Tēnā ano tātou – thank you for all of your support for last week’s blog! It is such an extraordinary privilege working with our Kaumatua and Kuia and sharing their kōrero with you. Feeding back the response from all the readers is ‘icing on the cake’.
Here is our next instalment by our Kuia, Rihia Kenny, about her experience of with Rongoā Māori. And don’t forget – next week you have the opportunity to meet with both Kuia Rihia and Te Waari here at Te Papa.
Where: Te Ihomatua Gallery, Level 4, Te Papa.
When: Friday 24th of October, 12.30pm – 1pm
Rihia Kenny – Ngati Toa, Ngapuhi, Te Ati Awa
As a child, I was able to correctly identify and collect rongoa for my elders. The preparation and dispensing of rongoa medicines and treatment such as mirimiri (massage) and mahi wairua (karakia and spiritual healing) was not unusual to me.
I still remember vividly, the positive effects rongoa Maori had on the people who came for healing. I also remember as a teenager how quickly the practise seemed to ‘die out’ and people began visiting the local GP for western medicines.
I have worked in Health for over 30 years. In the late 1980’s, I noticed that the use of rongoa medicines was again returning and becoming popular. At that time, the late Te Awhina Riwaka was running weekly clinics at her home in Porirua. She invited people who were ill, and those willing to learn about rongoa, to attend her clinics. I gratefully seized the opportunity.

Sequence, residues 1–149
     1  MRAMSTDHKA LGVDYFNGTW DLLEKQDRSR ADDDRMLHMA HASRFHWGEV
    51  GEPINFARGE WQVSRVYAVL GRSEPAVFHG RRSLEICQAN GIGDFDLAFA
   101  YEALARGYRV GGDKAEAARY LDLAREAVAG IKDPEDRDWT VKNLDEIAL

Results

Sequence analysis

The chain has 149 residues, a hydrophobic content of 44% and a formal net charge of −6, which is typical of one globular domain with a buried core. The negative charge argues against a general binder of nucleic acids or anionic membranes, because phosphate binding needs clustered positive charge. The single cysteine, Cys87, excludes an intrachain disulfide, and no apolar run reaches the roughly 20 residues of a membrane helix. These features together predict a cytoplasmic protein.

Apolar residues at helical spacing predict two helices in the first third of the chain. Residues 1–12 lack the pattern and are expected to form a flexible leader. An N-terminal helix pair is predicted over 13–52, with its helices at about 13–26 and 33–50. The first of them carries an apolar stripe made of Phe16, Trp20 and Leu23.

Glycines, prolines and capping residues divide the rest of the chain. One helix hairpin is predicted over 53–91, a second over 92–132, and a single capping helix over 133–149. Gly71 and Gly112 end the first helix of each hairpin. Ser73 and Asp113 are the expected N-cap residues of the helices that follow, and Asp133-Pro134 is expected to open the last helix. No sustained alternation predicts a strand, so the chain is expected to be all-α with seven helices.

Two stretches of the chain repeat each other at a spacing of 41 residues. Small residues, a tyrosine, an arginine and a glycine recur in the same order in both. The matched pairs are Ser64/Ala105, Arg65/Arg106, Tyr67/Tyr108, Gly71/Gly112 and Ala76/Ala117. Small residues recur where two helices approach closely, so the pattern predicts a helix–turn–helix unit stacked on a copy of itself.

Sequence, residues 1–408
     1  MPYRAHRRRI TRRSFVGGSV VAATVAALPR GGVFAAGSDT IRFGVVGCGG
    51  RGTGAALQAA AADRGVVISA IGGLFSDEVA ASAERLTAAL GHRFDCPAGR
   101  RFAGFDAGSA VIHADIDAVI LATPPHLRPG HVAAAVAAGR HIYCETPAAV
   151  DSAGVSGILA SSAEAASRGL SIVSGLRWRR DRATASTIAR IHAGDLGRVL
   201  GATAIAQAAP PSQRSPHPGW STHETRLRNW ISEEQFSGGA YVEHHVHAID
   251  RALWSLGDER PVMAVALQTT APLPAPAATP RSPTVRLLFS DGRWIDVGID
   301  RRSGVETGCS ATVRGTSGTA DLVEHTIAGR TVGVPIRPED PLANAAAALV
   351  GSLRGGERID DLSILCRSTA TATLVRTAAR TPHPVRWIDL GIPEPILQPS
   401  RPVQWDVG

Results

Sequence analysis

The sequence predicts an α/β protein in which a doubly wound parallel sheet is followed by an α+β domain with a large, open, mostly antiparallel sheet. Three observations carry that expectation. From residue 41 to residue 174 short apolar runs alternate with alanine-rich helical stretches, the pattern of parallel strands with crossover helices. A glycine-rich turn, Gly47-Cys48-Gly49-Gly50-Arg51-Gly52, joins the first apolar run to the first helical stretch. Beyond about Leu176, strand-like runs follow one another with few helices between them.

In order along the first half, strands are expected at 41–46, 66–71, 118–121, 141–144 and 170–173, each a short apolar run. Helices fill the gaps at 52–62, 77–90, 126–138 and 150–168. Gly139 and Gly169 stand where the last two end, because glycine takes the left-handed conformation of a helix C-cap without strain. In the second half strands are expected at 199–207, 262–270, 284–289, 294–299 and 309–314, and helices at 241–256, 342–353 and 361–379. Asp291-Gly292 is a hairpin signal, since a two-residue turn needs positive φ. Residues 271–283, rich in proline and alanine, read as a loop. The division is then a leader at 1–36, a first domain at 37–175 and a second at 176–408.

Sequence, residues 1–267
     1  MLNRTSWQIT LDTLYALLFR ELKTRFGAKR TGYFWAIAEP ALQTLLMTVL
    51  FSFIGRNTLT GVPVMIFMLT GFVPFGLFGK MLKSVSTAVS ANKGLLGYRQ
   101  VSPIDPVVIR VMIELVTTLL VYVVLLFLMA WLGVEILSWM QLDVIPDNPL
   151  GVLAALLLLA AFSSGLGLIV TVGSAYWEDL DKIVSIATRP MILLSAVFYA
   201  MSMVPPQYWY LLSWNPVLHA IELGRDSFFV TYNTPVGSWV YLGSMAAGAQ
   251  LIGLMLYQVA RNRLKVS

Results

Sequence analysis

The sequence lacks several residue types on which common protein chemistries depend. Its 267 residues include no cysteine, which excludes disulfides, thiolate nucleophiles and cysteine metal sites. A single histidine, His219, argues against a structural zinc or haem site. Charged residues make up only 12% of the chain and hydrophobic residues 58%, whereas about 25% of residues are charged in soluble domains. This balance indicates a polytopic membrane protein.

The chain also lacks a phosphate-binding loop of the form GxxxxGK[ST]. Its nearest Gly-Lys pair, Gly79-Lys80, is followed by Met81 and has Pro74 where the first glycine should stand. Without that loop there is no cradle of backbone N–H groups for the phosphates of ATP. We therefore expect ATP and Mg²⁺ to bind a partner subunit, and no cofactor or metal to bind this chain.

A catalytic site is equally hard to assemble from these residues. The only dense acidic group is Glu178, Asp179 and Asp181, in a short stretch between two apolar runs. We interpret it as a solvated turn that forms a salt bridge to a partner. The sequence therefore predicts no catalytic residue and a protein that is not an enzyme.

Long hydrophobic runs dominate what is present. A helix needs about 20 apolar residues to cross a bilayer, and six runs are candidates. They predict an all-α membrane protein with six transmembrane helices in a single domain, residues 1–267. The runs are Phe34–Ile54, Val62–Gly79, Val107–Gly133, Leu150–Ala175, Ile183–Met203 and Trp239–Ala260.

In December 2011, I became involved with a new National Governance body ‘Te Kahui Rongoa Trust’ which was established to protect, nurture and promote rongoa Maori. The Trust reminds us that rongoa is a taonga tuku iho (a precious gift) handed down to us as (kaitiaki) guardians, to pass on to future generations. It is important for us to create an environment that ensures our traditional knowledge and practices are upheld with respect and integrity.
Today I feel obligated to safeguard the knowledge, and the cultural and intellectual property of Rongoa. My wish for the future is to gain acceptance and support among medical practitioners of Aotearoa.
For more information about Te Kahui Rongoa Trust, go to www.Rongoamaori.org.nz
Many thanks for you generosity in sharing with those of us lucky enough to hear you talk at Te Papa today.
thanks for the tips, very useful!
Nga mihi aroha. What a privilege for us at Te Papa.
Rawe! I love this blog! Last year I used kawakawa on my pakaru knee and within two days I was able to walk upstairs with much less pain. Thank you Khali and Whaea Rihia for this wonderful blog. Nga mihi aroha ki a korua.